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Afghan journalist Sayed Perwiz Kambakhsh in a Kabul court in October
Press freedom has become worse in Afghanistan and threats against Afghan journalists have risen in recent years, a media watchdog said today, urging the government to free a reporter jailed for 20 years for blasphemy.

Reporters Without Borders, which campaigns for press freedom, said they found progress and development has stalled in Afghanistan after U.S. and Afghan-led forces in 2001 toppled the Taliban, who had banned filming and taking of images among their other restrictions.

Threats against Afghan journalists were mostly in the form of attacks or kidnappings by Taliban insurgents and criminal gangs, the group told a news conference in Kabul.

But they were also concerned about threats posed to Afghan journalists by officials of the Western-backed Afghan government and a series of cases by NATO-led forces that kept journalists from doing their jobs properly.

Some journalists were prevented by their employees from reporting freely about developments in their country, the Paris-based organization said.

"Press freedom in Afghanistan is getting worse in recent years and it is the government's reverse this worrying trend," Jean-Francois Julliard, the head of Reporters Without Borders, told reporters.

Two Afghan journalists were killed and some 50 were either threatened or attacked in 2008 alone, Julliard said.

During its meetings with government officials, the group pushed for the freedom of Sayed Perwiz Kambakhsh, who was initially condemned to death before his sentence was commuted to 20 years in jail for talking about women's role in Islam and for printing an article from the Internet that was seen as blasphemous, Julliard said.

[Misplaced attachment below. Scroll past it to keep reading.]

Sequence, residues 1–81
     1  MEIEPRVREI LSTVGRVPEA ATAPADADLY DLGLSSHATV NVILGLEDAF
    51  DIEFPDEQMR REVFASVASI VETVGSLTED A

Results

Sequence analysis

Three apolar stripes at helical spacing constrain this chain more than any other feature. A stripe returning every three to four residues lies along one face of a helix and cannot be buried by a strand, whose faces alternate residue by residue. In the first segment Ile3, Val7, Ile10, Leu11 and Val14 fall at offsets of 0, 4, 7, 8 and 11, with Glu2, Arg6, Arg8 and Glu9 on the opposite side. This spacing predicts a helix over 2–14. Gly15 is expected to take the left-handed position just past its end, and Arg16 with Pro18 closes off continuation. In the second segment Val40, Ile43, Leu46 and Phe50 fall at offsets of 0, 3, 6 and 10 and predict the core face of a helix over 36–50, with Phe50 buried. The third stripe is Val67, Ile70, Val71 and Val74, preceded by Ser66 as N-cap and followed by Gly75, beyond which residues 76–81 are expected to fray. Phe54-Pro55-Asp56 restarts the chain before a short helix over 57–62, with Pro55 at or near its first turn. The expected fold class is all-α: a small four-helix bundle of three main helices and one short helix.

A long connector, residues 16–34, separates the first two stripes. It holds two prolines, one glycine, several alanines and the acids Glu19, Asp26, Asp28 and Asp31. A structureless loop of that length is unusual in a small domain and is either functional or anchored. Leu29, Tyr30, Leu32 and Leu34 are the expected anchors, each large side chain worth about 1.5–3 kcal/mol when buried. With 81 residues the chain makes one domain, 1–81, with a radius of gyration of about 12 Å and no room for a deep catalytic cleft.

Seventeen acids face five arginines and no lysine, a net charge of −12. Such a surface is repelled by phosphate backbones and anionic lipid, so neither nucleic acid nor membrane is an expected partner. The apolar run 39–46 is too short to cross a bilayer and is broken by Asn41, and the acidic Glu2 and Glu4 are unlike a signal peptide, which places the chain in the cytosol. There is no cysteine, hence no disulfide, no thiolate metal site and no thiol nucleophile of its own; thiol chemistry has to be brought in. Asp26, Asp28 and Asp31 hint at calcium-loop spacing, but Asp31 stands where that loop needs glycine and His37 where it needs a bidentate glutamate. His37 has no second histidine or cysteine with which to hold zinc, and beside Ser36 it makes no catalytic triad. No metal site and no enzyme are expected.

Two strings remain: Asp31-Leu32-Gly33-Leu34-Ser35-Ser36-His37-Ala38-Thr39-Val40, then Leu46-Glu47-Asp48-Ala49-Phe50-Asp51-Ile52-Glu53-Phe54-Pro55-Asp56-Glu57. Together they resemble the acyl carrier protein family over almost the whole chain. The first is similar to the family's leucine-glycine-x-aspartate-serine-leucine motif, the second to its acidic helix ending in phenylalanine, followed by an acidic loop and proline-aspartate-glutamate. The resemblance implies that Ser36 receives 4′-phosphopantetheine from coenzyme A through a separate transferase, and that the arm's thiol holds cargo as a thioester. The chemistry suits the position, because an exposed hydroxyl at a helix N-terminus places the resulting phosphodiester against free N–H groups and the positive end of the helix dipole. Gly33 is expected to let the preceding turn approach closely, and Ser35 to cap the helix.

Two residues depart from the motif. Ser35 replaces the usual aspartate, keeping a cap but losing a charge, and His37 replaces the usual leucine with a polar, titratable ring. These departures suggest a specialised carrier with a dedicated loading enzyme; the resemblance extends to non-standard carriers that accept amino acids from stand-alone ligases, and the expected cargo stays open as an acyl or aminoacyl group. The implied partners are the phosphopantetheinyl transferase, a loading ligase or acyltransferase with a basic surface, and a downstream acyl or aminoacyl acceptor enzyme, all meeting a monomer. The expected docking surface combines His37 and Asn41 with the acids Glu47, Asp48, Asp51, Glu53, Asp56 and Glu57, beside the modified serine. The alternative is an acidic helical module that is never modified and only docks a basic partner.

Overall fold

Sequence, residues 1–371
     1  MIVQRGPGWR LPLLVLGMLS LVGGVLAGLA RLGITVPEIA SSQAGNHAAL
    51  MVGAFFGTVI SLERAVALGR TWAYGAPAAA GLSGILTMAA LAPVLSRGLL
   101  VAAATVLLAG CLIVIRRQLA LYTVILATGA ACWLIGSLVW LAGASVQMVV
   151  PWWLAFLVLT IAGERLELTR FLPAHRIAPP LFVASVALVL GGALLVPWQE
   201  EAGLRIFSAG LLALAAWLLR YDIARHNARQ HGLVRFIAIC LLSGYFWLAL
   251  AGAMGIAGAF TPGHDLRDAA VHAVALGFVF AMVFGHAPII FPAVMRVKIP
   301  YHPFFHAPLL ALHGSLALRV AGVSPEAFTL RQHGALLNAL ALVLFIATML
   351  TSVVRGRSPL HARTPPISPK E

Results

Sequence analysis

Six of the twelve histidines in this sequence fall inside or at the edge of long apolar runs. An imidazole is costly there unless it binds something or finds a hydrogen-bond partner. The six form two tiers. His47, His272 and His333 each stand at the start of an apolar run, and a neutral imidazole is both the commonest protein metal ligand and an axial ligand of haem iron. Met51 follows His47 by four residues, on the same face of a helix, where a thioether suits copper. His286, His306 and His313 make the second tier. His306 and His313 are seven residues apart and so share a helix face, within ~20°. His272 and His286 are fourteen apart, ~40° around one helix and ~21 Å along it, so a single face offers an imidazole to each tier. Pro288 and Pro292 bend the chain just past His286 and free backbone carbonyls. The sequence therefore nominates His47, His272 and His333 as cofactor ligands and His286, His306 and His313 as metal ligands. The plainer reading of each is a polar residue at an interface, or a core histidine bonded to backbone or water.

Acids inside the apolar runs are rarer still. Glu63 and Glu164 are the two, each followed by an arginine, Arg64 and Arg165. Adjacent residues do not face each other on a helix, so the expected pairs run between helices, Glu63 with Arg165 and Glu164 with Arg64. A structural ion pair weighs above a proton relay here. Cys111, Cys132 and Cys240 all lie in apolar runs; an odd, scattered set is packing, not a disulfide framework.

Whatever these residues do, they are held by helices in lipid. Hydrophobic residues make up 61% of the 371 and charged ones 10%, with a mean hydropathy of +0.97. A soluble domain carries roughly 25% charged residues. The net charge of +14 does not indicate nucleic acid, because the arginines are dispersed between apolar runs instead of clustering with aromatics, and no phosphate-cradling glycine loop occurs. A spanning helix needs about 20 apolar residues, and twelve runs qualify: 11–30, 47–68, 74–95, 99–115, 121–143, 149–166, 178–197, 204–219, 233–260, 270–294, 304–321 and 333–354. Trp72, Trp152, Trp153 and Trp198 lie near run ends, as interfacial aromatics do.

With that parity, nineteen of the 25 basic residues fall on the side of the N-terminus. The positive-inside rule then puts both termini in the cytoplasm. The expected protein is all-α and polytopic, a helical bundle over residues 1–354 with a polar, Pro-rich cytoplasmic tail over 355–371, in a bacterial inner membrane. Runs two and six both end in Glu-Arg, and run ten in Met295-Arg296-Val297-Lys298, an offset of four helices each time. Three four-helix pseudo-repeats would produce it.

At least five members of the Baha'i faith have been arrested in Iran, RFE/RL's Radio Farda reports.

Security forces reportedly raided their homes, took away their personal belongings -- including computers and religious books -- and transferred the detainees to Evin prison, outside of Tehran.

Diane Alai, the UN representative of the Baha'i International Community in Geneva, told Radio Farda that the arrests come amid growing state pressure on Bahai's in Iran.

One of the detainees, Zhinoos Sobhani, worked as an assistant with the Organization for Defending Mine Victims and the Center of Human Rights Defenders, both founded by Iran’s Nobel Peace Prize laureate Shirin Ebadi.

In a statement, Ebadi’s center -- whose offices were recently shut down by Iranian authorities -- confirmed Sobhani's arrest at her house early on January 14.

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"Watchdog" is a blog with a singular mission -- to monitor the latest developments concerning human rights, civil society, and press freedom. We'll pay particular attention to reports concerning countries in RFE/RL's broadcast region.


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